The formation of the Sanford Pasture Landslide started back in the late Miocene and early Pliocene epochs, where the eruptions covered much of Eastern Washington with basalt, known as the Columbia River Basalts. Between the eruptive cycles, sandstones, generally fluvial in origin, deposited on top of the flows, only to be covered by the next pulse of magma. These are known as interbeds and are suspected to be Ellensburg Formation. At the Sanford Pasture Landslide, the dominant flows of the Columbia River Basalts are the N2 and R2 flows of the Grand Ronde Basalts, some of the last recorded flows of the eruptive cycle. Much of the deposits were lain horizontally, but as we know them today, the geologic units are folded and faulted. This is accomplished by stress from the subductive oceanic plate pushing its way underneath the continental crust that we live on here in Washington State. The force of the collision compresses Washington State, forming wrinkles and faults as the stress is dissipated through the plate. In the Naches area, this folding resulted in the formation of Cleman Mountain as a steeply dipping anticline. The area was not able to just fold to reduce the stress on it, it faulted as well, forming the Nile Thrust Fault. The failure mechanism is something that we probably do understand. The oversteepened anticline combined with the weak interbed layers of sandstone created a perfect weak plane for the above rock to slide on. An earthquake, probably on the Nile Thrust, or perhaps something larger like a Cascadia Subduction Earthquake, probably reduced the restraining forces enough to start the material moving downhill, depositing where we see it today (more on that below). These events occurred after the Columbia River Basalts and interbeds were lain in place, giving us a limiting age on the landslide. Given the flow age, coupled with the folding and faulting of the area, the general estimation of the landslide is 2 million years old.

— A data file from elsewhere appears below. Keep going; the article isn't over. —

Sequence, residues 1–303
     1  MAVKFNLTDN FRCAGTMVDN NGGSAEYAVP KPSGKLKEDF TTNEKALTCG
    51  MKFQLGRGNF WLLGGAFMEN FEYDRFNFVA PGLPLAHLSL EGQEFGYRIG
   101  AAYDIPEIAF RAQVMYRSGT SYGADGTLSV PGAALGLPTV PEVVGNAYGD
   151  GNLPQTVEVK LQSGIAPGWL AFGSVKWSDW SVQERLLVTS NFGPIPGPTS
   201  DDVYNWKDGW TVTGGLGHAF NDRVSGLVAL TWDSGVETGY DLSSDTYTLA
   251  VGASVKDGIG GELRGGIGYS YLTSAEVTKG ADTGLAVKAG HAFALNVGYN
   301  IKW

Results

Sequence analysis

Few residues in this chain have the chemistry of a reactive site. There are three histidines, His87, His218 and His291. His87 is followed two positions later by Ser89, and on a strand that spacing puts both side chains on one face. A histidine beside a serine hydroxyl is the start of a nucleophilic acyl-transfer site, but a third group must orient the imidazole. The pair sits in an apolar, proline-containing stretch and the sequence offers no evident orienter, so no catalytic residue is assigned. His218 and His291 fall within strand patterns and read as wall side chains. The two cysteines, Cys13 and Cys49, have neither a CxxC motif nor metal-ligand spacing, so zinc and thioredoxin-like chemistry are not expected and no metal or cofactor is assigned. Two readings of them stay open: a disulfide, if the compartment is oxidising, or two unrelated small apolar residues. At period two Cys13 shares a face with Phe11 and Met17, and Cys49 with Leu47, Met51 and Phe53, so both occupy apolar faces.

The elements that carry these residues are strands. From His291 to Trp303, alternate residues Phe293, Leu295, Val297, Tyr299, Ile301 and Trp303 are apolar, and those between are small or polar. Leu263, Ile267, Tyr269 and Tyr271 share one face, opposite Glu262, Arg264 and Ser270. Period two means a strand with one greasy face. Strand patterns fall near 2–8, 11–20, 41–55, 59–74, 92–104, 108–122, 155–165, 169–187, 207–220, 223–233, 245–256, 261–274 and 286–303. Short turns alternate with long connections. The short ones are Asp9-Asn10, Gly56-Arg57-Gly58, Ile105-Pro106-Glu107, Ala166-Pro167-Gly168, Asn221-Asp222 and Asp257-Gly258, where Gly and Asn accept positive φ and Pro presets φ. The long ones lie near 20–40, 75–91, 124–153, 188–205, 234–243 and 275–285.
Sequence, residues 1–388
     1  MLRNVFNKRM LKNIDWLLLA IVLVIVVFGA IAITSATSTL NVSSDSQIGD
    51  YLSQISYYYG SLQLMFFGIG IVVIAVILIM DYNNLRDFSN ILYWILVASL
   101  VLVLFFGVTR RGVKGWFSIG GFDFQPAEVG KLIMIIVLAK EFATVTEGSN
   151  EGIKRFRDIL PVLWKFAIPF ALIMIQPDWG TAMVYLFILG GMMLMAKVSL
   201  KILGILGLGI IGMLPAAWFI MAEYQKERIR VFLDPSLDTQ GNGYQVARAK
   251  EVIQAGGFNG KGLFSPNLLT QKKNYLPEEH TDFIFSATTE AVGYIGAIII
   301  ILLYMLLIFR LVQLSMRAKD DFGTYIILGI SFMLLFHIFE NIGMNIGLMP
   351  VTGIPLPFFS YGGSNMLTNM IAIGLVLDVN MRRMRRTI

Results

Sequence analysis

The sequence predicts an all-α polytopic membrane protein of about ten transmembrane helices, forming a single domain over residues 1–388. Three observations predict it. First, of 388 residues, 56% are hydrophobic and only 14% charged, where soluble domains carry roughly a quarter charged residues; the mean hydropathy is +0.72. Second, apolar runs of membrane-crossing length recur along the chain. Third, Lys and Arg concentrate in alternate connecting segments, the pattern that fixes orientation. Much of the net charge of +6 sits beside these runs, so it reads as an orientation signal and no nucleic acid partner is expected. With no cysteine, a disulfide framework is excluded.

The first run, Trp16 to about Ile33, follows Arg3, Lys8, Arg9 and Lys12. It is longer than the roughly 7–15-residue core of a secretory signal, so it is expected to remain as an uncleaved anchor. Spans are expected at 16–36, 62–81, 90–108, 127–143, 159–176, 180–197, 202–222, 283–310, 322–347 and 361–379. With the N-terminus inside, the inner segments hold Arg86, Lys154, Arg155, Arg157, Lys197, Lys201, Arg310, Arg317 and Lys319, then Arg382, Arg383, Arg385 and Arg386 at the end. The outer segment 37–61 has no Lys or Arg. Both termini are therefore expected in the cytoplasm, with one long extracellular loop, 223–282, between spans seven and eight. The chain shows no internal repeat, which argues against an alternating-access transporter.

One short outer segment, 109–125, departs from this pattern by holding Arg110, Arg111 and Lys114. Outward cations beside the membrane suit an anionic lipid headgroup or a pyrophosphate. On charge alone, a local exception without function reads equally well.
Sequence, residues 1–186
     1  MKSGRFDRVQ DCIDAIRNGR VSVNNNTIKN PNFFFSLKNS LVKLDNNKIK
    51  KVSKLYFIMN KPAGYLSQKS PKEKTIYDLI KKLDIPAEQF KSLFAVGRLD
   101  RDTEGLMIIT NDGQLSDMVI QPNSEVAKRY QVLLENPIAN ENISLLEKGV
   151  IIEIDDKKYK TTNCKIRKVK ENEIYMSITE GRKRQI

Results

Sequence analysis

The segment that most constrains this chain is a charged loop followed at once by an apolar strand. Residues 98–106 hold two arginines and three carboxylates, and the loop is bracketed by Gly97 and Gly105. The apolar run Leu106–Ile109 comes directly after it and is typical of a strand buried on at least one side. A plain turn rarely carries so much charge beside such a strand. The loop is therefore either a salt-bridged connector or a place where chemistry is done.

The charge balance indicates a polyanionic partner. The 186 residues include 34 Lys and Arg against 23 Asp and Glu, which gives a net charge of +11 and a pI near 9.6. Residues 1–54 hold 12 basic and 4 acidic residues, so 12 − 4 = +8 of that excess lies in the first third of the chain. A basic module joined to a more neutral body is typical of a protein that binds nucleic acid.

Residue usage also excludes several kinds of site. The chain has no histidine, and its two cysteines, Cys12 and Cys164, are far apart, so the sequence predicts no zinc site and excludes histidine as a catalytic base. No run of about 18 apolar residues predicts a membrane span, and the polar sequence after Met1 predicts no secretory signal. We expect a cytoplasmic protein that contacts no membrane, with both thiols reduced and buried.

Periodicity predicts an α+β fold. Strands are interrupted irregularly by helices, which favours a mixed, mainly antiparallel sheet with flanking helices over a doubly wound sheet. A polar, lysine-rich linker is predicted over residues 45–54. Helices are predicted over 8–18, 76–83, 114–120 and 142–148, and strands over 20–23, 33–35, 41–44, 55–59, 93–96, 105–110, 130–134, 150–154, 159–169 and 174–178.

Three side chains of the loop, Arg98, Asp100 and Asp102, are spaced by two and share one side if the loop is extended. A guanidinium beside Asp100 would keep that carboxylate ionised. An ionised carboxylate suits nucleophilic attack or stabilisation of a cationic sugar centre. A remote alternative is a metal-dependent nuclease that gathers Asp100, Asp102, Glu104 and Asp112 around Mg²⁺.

Determining the age of a landslide is often difficult. Dates can be acquired through a couple of different methods, most often coring into sag ponds, or lake bed deposits (on older landslides that have dammed rivers), or by coring old tree snags that have been drowned. The goal is to find datable material or stratigraphic reasoning to determine a specific of general age. For the Sanford Pasture, there are no found lake bed deposits up valley of the landslide initiation and the landslide is too old to support sag ponds that formed during its initial movement. The general thought is that the landslide occurred prior to glacial times.